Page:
There are more publication paths than ever before, but don’t overlook the power of the anthology. Whether you’re a new writer or an experienced author, submitting to an anthology can expand your publishing resume, enable you to reach new readers, and even give you an excuse to experiment in different genres. Building your own anthology can allow for literary collaboration unlike any other creative form. Discover the possibilities with this exciting panel of writers and editors. No matter whether you write fiction, nonfiction, or poetry, there’s an anthology for you if you only try.
Date: Wednesday, March 28, 2018
Time: 6:00 pm – 8:30 pm (Meet & Greet at 6:00; program starts at 6:45)
Location: Firehouse Theatre 1609 West Broad Street, Richmond, VA, 23220
Price: $12 – Members; $15 Non-members ($5 for students)
Heather Weidner’s short stories appear in the Virginia is for Mysteries series and 50 Shades of Cabernet. She is a member of Sisters in Crime – Central Virginia, Guppies, and James River Writers. The Tulip Shirt Murders is her second novel in her Delanie Fitzgerald series.
Originally from Virginia Beach, Heather has been a mystery fan since Scooby Doo and Nancy Drew. She lives in Central Virginia with her husband and a pair of Jack Russell terriers.
Heather earned her BA in English from Virginia Wesleyan College and her MA in American literature from the University of Richmond. Through the years, she has been a technical writer, editor, college professor, software tester, and IT manager. She blogs regularly with the Pens, Paws, and Claws authors. Heather can be reached on the web at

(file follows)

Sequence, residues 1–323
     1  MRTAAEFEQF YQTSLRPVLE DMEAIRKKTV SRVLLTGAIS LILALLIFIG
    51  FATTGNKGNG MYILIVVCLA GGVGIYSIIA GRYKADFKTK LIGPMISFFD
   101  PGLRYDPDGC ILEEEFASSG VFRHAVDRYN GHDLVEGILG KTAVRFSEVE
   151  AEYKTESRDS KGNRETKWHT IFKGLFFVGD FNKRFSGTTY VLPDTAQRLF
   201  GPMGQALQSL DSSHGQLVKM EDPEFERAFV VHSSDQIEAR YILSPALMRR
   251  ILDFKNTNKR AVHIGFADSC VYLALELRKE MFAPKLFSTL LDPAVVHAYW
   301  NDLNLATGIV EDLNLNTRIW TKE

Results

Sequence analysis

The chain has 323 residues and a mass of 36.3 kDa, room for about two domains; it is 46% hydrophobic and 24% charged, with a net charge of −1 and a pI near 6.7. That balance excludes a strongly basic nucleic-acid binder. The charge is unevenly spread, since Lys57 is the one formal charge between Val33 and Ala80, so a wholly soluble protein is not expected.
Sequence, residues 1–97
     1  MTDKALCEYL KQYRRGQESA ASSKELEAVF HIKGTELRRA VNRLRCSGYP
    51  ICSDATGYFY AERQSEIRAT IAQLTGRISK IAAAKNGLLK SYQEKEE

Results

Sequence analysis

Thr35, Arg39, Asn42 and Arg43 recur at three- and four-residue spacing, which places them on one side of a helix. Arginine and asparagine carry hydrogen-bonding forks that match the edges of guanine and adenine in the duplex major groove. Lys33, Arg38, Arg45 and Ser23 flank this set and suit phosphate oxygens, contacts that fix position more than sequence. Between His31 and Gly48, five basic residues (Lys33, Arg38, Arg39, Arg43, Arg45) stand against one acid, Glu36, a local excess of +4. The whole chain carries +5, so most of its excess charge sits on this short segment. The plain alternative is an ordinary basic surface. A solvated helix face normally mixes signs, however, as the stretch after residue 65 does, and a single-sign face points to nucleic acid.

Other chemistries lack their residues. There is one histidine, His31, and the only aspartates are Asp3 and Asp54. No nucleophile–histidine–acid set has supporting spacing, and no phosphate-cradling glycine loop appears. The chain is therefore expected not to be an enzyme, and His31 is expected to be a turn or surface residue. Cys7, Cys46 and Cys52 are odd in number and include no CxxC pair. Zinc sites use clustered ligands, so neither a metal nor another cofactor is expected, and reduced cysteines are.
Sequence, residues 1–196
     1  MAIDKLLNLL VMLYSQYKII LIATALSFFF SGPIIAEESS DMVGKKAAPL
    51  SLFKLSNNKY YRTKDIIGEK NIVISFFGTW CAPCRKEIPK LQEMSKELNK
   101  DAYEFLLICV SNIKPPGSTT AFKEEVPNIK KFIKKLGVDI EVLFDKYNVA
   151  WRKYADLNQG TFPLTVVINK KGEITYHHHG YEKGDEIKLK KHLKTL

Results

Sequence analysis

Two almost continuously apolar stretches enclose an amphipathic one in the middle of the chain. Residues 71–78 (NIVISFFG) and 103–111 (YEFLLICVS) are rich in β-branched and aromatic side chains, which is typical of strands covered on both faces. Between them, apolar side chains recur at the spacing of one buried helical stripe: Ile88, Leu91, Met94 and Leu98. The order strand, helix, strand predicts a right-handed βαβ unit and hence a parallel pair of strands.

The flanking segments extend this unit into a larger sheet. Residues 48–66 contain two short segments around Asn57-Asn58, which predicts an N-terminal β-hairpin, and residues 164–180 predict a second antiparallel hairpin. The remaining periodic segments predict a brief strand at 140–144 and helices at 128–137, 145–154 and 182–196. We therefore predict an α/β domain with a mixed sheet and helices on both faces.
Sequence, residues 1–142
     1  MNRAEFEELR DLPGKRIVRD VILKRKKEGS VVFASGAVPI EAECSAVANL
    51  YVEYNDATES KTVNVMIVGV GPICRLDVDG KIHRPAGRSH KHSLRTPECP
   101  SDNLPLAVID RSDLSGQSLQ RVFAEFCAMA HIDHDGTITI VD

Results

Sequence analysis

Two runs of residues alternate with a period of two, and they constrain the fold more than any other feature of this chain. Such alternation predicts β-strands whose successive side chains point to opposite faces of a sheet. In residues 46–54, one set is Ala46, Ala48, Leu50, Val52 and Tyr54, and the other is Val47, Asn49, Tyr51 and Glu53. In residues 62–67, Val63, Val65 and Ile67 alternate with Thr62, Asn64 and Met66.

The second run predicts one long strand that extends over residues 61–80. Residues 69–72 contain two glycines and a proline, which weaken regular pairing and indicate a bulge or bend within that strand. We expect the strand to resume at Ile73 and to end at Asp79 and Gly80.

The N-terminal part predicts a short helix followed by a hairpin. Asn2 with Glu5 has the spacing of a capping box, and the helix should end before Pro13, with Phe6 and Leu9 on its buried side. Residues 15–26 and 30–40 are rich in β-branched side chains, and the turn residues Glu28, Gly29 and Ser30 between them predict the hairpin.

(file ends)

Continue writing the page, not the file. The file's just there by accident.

http://heatherweidner.com and on Twitter @HeatherWeidner1
Derek Kannemeyer is a South African-born, London-raised Richmonder, whose poems, stories, and non-fiction essays have appeared in dozens of publications from Fiction International to Rolling Stone. So far in 2018, he has seen published a book of light verse (An Alphabestiary) and The Blue Nib Chapbook 1, featuring his winning group of poems from Blue Nib’s inaugural chapbook contest. His collection What Got Us Here is due out later this year.
Deirdra McAfee and BettyJoyce Nash co-edited Lock & Load: Armed Fiction, the only book in America today that helps us talk about guns. McAfee’s prizewinning fiction has appeared in Shenandoah,The Georgia Review, The Diagram, and elsewhere. McAfee received fiction residencies at McDowell, the Virginia Center for the Creative Arts, Oberpfälzer Künstlerhaus and elsewhere. A trained editor and experienced teacher, McAfee earned an MFA in fiction from the New School and an MA in literature from Georgetown.
Lana Krumwiede began her writing career by creating stories for children’s magazines. Her first novel, Freakling (Candlewick, 2012) was named a finalist for SCBWI’s Crystal Kite Member’s Choice Award and an honor book for the International Reading Association’s Intermediate Fiction Award. Freakling was followed by two more novels, Archon (2013) and True Son (2015), and a picture book Just Itzy (2015). Lana is also the editor of River City Secrets: Stories from Richmond (2016).
See Richmond CultureWorks for other literary events in the area.